California law states that Money Laundering is a crime because it is unlawful for any person knowingly to receive or acquire proceeds, or engage in a transaction involving proceeds, known to be derived from proceeds in excess of $25,000 derived from a controlled substance offense, with the intent to give, sell, transfer, transport conceal or maintain an interest in, with the intent to conceal or disguise or aid in concealing or disguising the source of the proceeds to avoided a transaction reporting requirement under state or federal law.
What does the prosecutor have to prove?
1. Defendant unlawfully received or acquired proceeds or engaged in a transaction involving proceeds derived from a controlled substance offense.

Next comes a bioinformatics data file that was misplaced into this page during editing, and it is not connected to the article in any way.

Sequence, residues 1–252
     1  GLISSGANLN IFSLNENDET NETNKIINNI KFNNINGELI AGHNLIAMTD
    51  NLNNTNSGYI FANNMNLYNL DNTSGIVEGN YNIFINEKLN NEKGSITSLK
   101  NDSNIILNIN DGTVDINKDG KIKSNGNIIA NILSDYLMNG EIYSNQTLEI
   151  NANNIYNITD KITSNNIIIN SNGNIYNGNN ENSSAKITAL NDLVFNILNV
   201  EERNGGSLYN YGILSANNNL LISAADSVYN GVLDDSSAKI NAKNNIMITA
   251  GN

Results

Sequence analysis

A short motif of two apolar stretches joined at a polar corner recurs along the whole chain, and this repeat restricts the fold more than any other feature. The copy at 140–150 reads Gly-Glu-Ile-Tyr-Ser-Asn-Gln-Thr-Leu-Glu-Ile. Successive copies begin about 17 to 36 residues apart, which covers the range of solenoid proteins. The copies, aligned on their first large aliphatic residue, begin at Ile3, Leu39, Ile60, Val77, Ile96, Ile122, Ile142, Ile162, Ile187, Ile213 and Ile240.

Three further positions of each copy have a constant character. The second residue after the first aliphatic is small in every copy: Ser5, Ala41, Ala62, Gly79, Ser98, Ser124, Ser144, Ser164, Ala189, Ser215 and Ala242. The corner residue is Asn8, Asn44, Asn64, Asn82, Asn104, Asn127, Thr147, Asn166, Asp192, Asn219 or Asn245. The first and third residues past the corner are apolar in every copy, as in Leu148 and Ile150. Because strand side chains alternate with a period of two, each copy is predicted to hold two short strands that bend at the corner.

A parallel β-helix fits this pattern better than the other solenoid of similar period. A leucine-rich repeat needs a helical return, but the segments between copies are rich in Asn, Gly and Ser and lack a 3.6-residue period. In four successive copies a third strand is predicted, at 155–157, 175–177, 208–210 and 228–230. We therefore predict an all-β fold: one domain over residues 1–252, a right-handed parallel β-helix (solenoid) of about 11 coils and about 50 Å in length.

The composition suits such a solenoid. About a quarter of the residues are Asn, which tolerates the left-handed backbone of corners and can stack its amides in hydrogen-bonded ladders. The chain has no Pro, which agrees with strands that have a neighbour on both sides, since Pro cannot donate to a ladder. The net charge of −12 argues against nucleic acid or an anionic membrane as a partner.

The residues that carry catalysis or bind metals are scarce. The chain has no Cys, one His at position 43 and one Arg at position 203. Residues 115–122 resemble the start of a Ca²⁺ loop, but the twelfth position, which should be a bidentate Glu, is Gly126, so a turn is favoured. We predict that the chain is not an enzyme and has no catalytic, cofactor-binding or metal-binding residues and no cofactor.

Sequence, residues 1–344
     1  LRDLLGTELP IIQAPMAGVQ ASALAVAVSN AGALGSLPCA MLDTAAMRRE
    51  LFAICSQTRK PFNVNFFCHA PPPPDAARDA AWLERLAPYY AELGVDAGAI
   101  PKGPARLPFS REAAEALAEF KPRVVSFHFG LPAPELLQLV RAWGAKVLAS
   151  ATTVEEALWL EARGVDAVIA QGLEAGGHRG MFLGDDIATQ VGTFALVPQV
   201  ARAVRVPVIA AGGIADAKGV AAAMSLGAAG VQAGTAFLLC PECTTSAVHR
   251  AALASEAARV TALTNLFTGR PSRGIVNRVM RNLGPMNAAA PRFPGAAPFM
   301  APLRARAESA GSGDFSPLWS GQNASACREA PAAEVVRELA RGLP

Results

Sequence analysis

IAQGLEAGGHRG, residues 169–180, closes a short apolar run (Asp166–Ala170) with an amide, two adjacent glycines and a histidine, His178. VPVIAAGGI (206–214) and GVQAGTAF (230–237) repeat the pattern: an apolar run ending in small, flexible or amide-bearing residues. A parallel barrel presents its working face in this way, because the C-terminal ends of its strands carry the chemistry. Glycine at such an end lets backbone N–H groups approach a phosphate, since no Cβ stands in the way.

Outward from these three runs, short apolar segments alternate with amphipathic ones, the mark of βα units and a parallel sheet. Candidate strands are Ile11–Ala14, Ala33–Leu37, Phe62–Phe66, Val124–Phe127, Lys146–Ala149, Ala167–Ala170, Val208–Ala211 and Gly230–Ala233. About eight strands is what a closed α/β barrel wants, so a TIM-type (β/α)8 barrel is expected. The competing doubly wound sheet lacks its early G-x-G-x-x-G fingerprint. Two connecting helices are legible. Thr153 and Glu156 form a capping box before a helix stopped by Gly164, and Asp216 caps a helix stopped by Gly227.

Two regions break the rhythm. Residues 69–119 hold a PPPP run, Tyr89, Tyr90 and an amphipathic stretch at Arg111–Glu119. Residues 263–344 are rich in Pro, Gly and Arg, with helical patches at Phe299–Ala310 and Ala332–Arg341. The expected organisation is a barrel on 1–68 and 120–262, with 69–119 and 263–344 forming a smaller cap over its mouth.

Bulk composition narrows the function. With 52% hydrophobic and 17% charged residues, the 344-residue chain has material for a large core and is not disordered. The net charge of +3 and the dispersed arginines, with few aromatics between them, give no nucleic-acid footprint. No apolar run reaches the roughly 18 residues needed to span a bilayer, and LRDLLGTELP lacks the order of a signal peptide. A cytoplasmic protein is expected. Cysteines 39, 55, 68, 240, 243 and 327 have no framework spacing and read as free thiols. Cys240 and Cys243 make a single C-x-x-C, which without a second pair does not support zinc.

2. The proceeds were known to be derived from a violation of this division or Division 10.1.
3. The proceeds were received or acquired with the intent to conceal, or disguise, or aid in concealing or disguising the nature, location, ownership, control or source of the proceeds or to avoid a transaction reporting requirement under state or federal law.
With probation 0-364 days
Misdemeanor: 0-364 days